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United World Muay Thai Association


Train Hard

And Remember

Muay Thai Fighters Respect all but Fear None

About Us

United World Muay Thai Association was formed in 1993 by Vut kamnark
who saw the need for a better governing body over Muay Thai fighting regulations
in Thailand and the United States. The United World Muay Thai Association
Promote sanctioned fights worldwide ! We are a non profit organization
dedicated to the Study and Enlightenment of Muay Thai - Muay Boran Martial Arts
and All Martial Artist's World wide. Thank you for your interest.

United World Muay Thai Association | | Alphomega Sounds inc Subsidiary

Muay Thai / Muay Boran


About Muay Thai Techniques and

The martial arts of Muay Thai 



Lesson One


Martial Arts Discipline

What Is Capoeira Martial Arts?

Capoeira is not just a martial art, it is a way of expression, which has a goal: to free you from whatever oppresses your mind, whatever you are afraid of, whatever keeps you trapped. It was declared in 2014 by UNESCO as the Intangible Cultural Heritage of Humanity, both for its history and the way it is practiced, as well as for the social role it has today.

Nowadays, this great art has found a plethora of fans in countries all over the world. But what is its philosophy; is it a self defense art or a spiritual self-knowledge journey? In the lines that follow you will delve into all aspects of this exceptional martial art.

It is a traditional Brazilian martial art that combines dance, music, and physical exercise, but its main goal and deepest philosophy is the demand for freedom. Created by African slaves in Brazil around 1600, Capoeira is a form of expression that incorporates elements of martial arts, music, dance, play, acrobatics, philosophy, and sports.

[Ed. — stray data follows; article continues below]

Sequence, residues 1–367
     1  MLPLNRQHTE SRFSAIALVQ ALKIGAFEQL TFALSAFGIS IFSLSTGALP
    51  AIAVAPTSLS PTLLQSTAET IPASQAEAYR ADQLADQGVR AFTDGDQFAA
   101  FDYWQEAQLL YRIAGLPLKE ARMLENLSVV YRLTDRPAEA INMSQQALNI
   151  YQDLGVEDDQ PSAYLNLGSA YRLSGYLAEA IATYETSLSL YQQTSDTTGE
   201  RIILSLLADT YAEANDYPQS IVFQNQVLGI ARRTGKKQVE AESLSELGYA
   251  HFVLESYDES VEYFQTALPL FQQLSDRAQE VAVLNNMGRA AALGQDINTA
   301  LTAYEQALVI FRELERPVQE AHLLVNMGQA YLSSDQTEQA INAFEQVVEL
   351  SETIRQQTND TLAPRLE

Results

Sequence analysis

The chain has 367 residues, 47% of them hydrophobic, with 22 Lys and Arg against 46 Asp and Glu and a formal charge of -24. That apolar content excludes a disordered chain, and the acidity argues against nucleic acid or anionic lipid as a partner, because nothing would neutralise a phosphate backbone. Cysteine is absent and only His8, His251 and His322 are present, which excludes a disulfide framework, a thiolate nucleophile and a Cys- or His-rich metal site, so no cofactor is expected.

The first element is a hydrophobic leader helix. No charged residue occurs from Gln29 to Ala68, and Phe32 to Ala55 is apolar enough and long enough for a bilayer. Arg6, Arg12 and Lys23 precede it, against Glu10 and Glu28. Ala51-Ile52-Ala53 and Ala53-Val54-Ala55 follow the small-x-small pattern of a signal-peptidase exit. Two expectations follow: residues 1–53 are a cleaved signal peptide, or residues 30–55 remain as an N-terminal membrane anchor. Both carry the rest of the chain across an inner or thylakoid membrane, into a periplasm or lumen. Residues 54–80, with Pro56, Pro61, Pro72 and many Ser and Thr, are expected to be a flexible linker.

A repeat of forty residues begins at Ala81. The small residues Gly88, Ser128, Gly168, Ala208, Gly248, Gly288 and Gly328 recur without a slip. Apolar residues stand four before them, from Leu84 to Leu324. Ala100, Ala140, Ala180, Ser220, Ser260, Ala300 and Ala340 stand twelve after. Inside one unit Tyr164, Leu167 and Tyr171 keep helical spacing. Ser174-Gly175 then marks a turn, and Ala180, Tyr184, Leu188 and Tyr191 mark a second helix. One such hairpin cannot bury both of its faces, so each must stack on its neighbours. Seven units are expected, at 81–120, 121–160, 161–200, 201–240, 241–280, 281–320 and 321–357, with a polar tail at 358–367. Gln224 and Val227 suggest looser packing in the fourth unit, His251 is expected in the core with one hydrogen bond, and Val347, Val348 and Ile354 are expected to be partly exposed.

It evolved in Brazil from slaves (mainly from the Angola region,) who were originally transported from Africa to serve as laborers in the production of sugar cane. Instinctively, they realized that they could develop through their body, a kind of self-defense and struggle, which they would use as a means of their release. They had to hide it and disguise it in a dance so that they could train under the "eyes" and the close supervision of their masters.

Due to its multifaceted composition, Capoeira is an art that is difficult to describe. When asked by a great teacher, Mestre Sombra, what Capoeira is, he replied:
"Capoeira is a prayer".

How do we play Capoeira?

Capoeira differs from other martial arts in the fact that it is neither a competitive, nor an Olympic sport. The game is always played between two persons (camarades) in a circle (roda), formed by the others, who watch it and function as a kind of Dance. At the "top" of the circle, always stands the live orchestra. Its main instrument, which gives the rhythm, is the single-string berimbau.

This is accompanied by several African percussions, such as the arabesque, agogo, reco-reco, and pandeiro, and of course the ensemble voices and clapping of the Dance, which keep the rhythm. It is customary for the person who plays berimbau to sing alone and for the ensemble to respond rhythmically. The energy of Dance is decisive and affects the Capoeiristas. The roda is a living organism with its pulse; every moment is unique and will not be repeated.

What is the goal within the roda?

In Capoeira, there is neither a winner nor a loser. There are no rules, prohibitions, points, or other things that define most martial arts. But there is a strategy, and that is what is sought in a game. Capoeiristas enter the game to listen to their opponent, to understand his strategy, and accordingly to structure and implement their own, to trap and immobilize him, while breaking his regularity and rhythm.

In no case do Capoeiristas aim to hurt or cause serious health problems to their opponents. The acts, no matter how cruel, are not violent at the base. Capoeiristas always play with a smile on their face, respect their interlocutor, and love this improvised physical dialogue that develops with each other.

Brief History of Capoeira Martial Arts